If you don't exercise as you get to middle age, you'll start to lose your freedom, not to mention increasing the likelihood of heart disease. UK government advice is that over a week, activity for adults aged 19 to 65 should add up to at least 150 minutes (2½ hours) of moderate intensity activity in bouts of 10 minutes or more. One way to approach this is to do 30 minutes on at least
5 days a week. More in the fact sheet here.

Find something you like  (my article here has some real-life examples) and do it often. Ideally you should do something cardiovascular that gets you breathless, such as fast or Nordic walking, running or cycling; something to improve flexibility, like Pilates or yoga, and something involving muscle resistance to improve your strength and your bones.

Manage your weight

The British Heart Foundation says research shows that reaching and keeping to a healthy weight cuts your risk of heart disease because it helps prevent and manage conditions like high blood pressure, high cholesterol, and type 2 diabetes. Fat around your middle is particularly bad. Visceral fat around your organs can increase your risk of getting heart disease, cancer and type 2 diabetes. That's because these fat cells produce toxic substances that cause damage to your body. Slim people can often have a high reading of visceral fat.


It goes without saying that giving up smoking is the single best thing you can do for your heart health. Smoking damages the lining of your arteries, leading to a build up of fatty material (atheroma) which narrows the artery. This can cause angina, a heart attack or a stroke.

The carbon monoxide in tobacco smoke reduces the amount of oxygen in your blood. This means your heart has to pump harder to supply the body with the oxygen it needs.

The nicotine in cigarettes stimulates your body to produce adrenaline, which makes your heart beat faster and raises your blood pressure, making your heart work harder.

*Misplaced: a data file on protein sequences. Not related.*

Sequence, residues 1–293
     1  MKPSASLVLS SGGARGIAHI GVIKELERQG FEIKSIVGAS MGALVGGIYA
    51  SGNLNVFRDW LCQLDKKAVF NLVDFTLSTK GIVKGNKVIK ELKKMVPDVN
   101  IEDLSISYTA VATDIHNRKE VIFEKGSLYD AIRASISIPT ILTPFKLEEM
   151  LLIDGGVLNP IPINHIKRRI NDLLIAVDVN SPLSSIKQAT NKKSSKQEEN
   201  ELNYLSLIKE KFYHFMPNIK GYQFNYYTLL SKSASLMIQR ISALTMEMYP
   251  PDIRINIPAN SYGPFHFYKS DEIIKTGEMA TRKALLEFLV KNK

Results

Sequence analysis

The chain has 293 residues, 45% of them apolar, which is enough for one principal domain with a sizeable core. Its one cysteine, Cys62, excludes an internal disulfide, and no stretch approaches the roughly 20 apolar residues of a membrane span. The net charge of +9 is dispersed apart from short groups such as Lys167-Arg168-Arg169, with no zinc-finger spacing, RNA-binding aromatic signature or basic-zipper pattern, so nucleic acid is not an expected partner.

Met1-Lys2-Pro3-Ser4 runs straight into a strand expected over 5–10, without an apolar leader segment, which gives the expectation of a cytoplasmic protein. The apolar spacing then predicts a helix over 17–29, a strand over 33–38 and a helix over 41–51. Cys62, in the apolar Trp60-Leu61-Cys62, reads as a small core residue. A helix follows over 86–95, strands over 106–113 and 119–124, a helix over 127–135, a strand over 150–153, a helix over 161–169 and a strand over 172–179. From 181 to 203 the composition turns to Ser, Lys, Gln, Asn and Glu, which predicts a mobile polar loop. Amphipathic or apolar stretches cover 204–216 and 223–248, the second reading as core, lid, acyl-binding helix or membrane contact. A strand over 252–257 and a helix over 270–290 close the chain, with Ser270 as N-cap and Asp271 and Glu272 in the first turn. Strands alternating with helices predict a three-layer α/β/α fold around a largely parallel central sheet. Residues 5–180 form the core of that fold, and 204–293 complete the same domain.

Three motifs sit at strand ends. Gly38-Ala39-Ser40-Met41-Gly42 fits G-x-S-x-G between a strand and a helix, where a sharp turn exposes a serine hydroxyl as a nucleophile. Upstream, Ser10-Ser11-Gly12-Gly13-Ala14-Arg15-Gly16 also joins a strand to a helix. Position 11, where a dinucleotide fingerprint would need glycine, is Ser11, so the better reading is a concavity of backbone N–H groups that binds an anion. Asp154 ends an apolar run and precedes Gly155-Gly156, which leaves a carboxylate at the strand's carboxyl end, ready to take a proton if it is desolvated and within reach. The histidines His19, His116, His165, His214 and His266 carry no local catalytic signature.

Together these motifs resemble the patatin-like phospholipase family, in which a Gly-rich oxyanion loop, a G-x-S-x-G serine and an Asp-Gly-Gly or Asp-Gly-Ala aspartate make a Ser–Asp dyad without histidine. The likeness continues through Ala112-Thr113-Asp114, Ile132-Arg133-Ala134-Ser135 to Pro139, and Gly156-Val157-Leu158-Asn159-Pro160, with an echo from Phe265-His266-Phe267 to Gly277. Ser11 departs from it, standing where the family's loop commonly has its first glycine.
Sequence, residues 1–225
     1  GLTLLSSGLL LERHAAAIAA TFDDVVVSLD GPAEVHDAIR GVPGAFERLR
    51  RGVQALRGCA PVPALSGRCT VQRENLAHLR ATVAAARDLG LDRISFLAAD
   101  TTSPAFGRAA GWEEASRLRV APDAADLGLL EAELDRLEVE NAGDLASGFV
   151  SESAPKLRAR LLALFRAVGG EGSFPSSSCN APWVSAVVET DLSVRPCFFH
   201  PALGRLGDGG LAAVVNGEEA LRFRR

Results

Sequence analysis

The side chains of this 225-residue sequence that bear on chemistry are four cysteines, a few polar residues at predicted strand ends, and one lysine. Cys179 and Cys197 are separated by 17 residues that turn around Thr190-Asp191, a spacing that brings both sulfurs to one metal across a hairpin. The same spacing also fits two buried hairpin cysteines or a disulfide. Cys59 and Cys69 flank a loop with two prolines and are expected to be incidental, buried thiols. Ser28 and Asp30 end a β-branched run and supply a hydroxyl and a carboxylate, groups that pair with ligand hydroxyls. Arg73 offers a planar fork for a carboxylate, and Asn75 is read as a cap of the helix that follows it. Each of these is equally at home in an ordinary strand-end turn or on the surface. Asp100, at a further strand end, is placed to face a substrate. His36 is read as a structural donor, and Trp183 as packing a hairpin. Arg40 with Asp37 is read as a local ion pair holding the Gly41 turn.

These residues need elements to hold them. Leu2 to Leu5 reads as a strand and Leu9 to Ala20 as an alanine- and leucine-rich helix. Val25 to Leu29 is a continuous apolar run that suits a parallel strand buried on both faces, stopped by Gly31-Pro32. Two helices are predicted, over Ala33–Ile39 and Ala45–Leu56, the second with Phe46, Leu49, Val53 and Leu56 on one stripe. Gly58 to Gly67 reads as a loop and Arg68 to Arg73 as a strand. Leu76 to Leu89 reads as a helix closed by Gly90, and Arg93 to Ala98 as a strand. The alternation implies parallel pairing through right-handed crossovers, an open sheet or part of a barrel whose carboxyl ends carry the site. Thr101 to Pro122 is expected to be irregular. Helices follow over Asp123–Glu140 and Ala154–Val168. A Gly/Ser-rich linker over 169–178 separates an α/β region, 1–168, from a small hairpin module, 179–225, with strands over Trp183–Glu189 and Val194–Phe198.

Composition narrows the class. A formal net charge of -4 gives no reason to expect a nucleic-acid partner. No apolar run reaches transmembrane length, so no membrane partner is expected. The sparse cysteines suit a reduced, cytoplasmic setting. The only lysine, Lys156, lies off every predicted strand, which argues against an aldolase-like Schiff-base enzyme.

Your blood is more likely to clot, which increases your risk of having a heart attack  or stroke.  Take a look at our cardiovascular disease page to find out more about blood clots and the damage they can do to your body.

If you need help on giving up, the BHF has a booklet you can download.

Reduce stress

Stress is not a direct risk factor for cardiovascular disease, but it's possible that it may contribute to your risk level. It all depends on your coping mechanisms.Some people cope with stress with risky behaviour – such as smoking, drinking too much alcohol and overeating. All of these increase your risk of cardiovascular disease.

If you have coronary heart disease and experience feelings of anxiety or are under lots of stress, it may bring on symptoms like angina.

A balanced diet and regular exercise can help to alleviate stress. Sleeping well (check out my tips here) and finding an activity that is relaxing also help.

Sharing this post with Creative Mondays at Claire Justine and #SaturdayShare at Not Dressed as Lamb.

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  1. LOVE YOUR SHEEP!! So precious.

    Great tips. I do okay with everything but the stress. I am a worrier and have at least one night a week when I toss and turn all night long. Working on that, though.

    And I need to eat my fruit and veggies. Working on that, too.

    Thank you for these reminders. XO

  2. Fabulous informative post Gail.